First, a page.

A ban on smoking in cars when children are present is a step closer after the House of Lords voted to bring in new legislation. Downing Street have stated that the Prime Minister was ready to “listen to the arguments”.
The notion of this law will be debated by the MP’s next, who will then have a free vote on the issue; this gives it a real chance of making it into legislation.
The idea for this new law has come after Labour suggested an amendment to the Children and Families Bill which would give ministers the power to bring in regulations that would make it illegal for a driver to "fail to prevent smoking in the vehicle when a child or children are present".
Regarding the Prime Minister’s opinion about smoking in cars with children, his spokesman has said: "This is an issue that is going to be discussed and debated in parliament today, and the Prime Minister's view is that he wants to listen to the arguments."
The Department of Health has stated that it does not think that passing a legislation would be the most effective way of stopping adults smoking in front of children in cars. Earl Howe, a Health Minister echoed these comments and said that it would be complicated for the police to apply the law. He preferred “behaviour change” and educating people about the dangers of second-hand smoke," adding that the government was actively spreading awareness about the issue.
Despite this the government have not yet ruled out the legislation and have said that they would consider it if the publicity awareness campaign failed to deliver the desired effect. Concluding, Howe said: "We all want to eradicate smoking in cars carrying children."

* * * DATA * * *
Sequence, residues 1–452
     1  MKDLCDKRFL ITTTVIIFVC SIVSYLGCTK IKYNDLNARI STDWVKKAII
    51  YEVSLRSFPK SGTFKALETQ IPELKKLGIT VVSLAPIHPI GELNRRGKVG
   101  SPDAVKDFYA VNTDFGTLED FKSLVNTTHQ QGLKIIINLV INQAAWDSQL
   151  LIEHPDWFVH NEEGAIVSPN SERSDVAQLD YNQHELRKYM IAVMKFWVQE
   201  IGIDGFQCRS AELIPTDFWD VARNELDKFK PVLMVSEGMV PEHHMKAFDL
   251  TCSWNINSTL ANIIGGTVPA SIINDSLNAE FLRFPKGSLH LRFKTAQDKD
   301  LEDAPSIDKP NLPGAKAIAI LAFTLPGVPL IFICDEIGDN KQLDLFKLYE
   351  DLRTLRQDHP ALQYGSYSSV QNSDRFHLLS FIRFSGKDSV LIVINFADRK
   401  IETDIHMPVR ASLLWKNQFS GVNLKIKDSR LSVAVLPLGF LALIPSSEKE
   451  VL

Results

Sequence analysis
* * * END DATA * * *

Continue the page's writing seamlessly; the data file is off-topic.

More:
The Shadow Health Secretary Andy Burnham has said that Britain should follow the example that has been set by Australia, Canada and some US states in terms of their laws relating to health. Under Labour’s plans if the law is passed it would be an offence to smoke in the car with children present and failure to comply would result in a £60 fine. "When it comes to improving the health of children, we are duty bound to consider any measure that might make a difference," he declared to Sky News.
"Adults are free to make their own choices but that often does not apply to children and that's why society has an obligation to protect them from preventable harm.”
"Evidence from other countries shows that stopping smoking in the confined space of a car carrying children can prevent damage to their health and has strong public support."
A smoking ban in 2007 had made it illegal to smoke in all enclosed spaces and workplaces.
Simon Clark, Director of a Smokers’ Rights group Forest, had said that he thinks the ban could lead towards a ban on all smoking in cars in an interview on BBC Radio Four’s Today programme.
"I think this legislation is very heavy-handed, totally unnecessary and, according to surveys, 84% of adults wouldn't dream of lighting a cigarette in a car, in a small enclosed space, with a child present," he told.
"So adults already know how to behave. They don't need the state interfering in their lives like this. If there are still some people who smoke in a car with children, then let's educate them, but let's not legislate."
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